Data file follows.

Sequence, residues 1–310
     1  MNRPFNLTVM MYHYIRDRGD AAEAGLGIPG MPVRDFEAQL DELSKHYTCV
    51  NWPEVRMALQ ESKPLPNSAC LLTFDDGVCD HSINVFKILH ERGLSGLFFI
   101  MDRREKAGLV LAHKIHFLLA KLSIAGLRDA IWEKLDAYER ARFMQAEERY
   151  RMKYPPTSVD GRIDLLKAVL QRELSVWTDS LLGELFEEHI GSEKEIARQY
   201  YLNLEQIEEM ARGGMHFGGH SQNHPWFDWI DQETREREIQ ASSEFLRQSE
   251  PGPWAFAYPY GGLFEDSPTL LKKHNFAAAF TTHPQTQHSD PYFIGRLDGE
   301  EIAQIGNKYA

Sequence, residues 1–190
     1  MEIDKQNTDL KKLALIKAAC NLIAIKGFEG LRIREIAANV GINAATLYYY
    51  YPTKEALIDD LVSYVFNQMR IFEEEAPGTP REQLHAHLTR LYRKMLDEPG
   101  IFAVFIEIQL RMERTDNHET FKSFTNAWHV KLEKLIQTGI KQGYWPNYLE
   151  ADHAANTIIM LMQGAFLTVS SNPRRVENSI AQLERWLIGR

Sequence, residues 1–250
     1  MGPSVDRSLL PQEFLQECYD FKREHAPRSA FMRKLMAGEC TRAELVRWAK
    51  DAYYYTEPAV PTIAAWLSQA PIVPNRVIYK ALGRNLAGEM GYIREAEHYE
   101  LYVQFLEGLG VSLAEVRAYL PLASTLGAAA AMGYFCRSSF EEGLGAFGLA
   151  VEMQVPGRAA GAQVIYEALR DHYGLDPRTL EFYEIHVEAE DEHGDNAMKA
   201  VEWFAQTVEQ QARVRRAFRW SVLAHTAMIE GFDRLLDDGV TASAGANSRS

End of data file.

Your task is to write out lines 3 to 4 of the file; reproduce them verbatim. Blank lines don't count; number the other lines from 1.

    51  NWPEVRMALQ ESKPLPNSAC LLTFDDGVCD HSINVFKILH ERGLSGLFFI
   101  MDRREKAGLV LAHKIHFLLA KLSIAGLRDA IWEKLDAYER ARFMQAEERY